With the rise of underscoring, key big-screen composers such as Cliff Martinez, Clint Mansell, and Lisa Gerrard, among others, have managed to save the Hollywood score by diminishing its presence — and, in turn, they have raised its profile. With underscoring, an attention to room tone, background noise, and overall sound design plays as much a role as once did the grand-entrance character themes of times past. Nowadays underscoring has extended its influence to television, though the rapid pace of serial productions yields different outcomes, such as looped and repeated cues. (Sadly, TV scores are still far less likely than movie scores to be released for off-screen listening.) While scores ultimately serve the narratives for which they’re commissioned, they also serve a larger aesthetic purpose: a deeper, still emerging collective sense of where non-diegetic and diegetic sounds converge, how sound frames and participates in visual storytelling. And these days there is no better place than film (and on occasion TV) scores to hear music that revels at the intersection of ambient, techno, minimalism, and neo-classical, not to mention (where available) three-dimensional spatialization.
(1) Nick Cave and Warren Ellis — Hell or High Water (Milan)Who better than two Australians to provide mirror-refracted atmosphere to this modern Texas western? Their chamber-folk approach has the violin veering between classical composure and porch-fiddle intimacy.
(2) Shane Carruth — The Girlfriend Experience (no commercial release yet)Shane Carruth (writer, director, producer, composer, and co-star of Primer and Upstream Color) takes time out from his own filmmaking (the forthcoming The Modern Ocean) to lend an elevator-drone, glass-tower sheen to this TV-serial spinoff of the Steven Soderbergh film. It is as chilly and elegant, as anxious and zoned, out as are its cast of characters.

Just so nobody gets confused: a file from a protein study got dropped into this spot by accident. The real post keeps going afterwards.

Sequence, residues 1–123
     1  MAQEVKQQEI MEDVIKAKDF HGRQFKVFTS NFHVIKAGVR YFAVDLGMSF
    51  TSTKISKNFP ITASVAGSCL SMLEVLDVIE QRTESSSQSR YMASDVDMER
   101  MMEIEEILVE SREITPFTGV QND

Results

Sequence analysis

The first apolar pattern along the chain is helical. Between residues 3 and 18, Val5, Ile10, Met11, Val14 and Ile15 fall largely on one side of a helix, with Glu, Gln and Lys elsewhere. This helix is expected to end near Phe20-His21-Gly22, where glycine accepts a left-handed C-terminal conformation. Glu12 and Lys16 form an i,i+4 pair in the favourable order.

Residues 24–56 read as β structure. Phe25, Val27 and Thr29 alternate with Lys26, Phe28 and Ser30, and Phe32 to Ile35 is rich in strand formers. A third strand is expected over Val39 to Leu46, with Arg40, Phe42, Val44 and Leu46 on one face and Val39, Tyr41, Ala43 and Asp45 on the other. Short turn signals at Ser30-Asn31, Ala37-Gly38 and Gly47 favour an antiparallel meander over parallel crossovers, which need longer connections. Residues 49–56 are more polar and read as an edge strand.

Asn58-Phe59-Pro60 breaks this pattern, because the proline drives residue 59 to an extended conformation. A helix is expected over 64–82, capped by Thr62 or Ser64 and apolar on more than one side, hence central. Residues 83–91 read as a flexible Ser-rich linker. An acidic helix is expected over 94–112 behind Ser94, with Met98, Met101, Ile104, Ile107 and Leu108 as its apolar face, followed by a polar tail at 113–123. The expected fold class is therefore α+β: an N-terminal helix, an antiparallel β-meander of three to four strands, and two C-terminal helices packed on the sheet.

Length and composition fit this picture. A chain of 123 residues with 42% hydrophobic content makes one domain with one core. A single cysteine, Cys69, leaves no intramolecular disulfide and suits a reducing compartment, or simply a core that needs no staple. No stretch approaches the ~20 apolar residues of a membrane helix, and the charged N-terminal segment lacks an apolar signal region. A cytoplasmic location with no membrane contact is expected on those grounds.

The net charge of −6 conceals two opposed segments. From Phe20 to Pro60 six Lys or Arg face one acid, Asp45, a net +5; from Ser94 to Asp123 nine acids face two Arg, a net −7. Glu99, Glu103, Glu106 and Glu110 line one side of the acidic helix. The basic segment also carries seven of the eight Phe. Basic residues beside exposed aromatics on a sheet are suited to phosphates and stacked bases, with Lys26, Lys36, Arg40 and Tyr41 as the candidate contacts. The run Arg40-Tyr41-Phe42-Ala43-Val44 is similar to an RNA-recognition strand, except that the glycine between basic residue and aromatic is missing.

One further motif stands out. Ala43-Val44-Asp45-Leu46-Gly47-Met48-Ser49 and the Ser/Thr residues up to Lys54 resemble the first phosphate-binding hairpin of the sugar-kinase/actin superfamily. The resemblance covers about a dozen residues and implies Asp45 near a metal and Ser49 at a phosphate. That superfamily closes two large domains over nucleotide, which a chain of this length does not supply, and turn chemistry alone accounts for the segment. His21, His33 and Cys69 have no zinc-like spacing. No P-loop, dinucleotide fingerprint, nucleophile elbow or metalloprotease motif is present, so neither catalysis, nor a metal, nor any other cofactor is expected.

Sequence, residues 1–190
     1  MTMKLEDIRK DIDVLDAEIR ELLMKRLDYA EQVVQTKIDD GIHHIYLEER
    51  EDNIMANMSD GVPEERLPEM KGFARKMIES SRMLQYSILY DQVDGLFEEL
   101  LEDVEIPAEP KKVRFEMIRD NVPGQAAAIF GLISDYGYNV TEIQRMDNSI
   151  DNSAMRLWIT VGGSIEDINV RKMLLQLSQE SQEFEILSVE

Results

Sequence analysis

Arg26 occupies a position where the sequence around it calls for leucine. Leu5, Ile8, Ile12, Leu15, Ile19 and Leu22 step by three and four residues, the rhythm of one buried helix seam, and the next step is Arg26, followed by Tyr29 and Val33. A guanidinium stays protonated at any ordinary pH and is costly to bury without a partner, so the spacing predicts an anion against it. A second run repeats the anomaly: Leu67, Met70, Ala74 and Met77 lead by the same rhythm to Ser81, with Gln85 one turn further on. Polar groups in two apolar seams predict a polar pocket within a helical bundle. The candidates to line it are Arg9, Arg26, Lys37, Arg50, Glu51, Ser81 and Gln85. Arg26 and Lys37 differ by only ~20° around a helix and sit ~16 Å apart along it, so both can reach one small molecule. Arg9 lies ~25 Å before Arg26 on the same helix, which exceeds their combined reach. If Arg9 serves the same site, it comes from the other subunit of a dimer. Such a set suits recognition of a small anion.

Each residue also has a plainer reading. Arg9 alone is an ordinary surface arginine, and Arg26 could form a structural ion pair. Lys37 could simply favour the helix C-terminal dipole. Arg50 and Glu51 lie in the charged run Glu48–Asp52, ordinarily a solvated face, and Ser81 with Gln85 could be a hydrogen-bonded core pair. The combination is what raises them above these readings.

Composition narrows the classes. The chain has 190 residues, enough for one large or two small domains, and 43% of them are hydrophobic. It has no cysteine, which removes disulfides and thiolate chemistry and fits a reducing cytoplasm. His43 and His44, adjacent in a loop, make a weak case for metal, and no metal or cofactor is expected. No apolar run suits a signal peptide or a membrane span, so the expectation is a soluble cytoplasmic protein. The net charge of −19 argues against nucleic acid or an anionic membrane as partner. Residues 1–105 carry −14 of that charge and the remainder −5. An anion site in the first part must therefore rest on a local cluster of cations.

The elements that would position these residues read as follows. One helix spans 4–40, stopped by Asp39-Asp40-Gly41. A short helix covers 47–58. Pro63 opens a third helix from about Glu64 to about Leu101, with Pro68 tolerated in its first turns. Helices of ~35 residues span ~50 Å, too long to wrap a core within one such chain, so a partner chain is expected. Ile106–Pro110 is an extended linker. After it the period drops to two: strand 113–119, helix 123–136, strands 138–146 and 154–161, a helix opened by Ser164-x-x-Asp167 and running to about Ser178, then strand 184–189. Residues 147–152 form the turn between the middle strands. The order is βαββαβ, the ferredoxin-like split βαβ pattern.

(3) Anne Dudley — Elle (Sony Classical)The former Art of Noise member renders concise cues that balance a minimalist’s attention to patterning with a classic silver-screen sense of drama, at times evidencing echoes John Barry and Bernard Herrmann.
(4) Max Richter — Miss Sloane (EuropaCorp)If only for the highly detailed ambient techno, all pitter-patter sound design, this would be a significant accomplishment, but Max Richter has such a range of skills at his disposal, he goes on to fold in orchestrations both intimate and broad.
(5) A Winged Victory for the Sullen — Iris (Erased Tapes) A Winged Victory for the Sullen is Adam Bryanbaum Wiltzie and Dustin O’Halloran, and they infuse this erotic thriller with heart pulses and train rumbles, deeply emotional string sections, choruses that seem to fill football stadiums, and a lush, dreamy resonance.
(6) Jóhann Jóhannsson — Arrival (Deutsche Grammophon)When Denis Villeneuve was announced as the director of the forthcoming Blade Runner sequel, Blade Runner 2049, a certain subset of music fans sighed with relief. This was because of the seeming inevitability that Villeneuve’s frequent creative partner, composer Jóhann Jóhannsson (their work together include 2013’s Prisoners and 2015’s Sicario), would join him on Ridley Scott’s home turf, and thus make good on the classic Vangelis score of the original film. Arrival provided the duo with a science-fiction test run, and it’s a sprawling accomplishment, both earthy and otherworldly. (Contributing to the score as well: Theatre of Voices, conducted by Paul Hillier; synthesizer player Robert Aiki Aubrey Lowe; cellist Hildur Guonadottir; and a sample of vocalist Joan La Barbara.)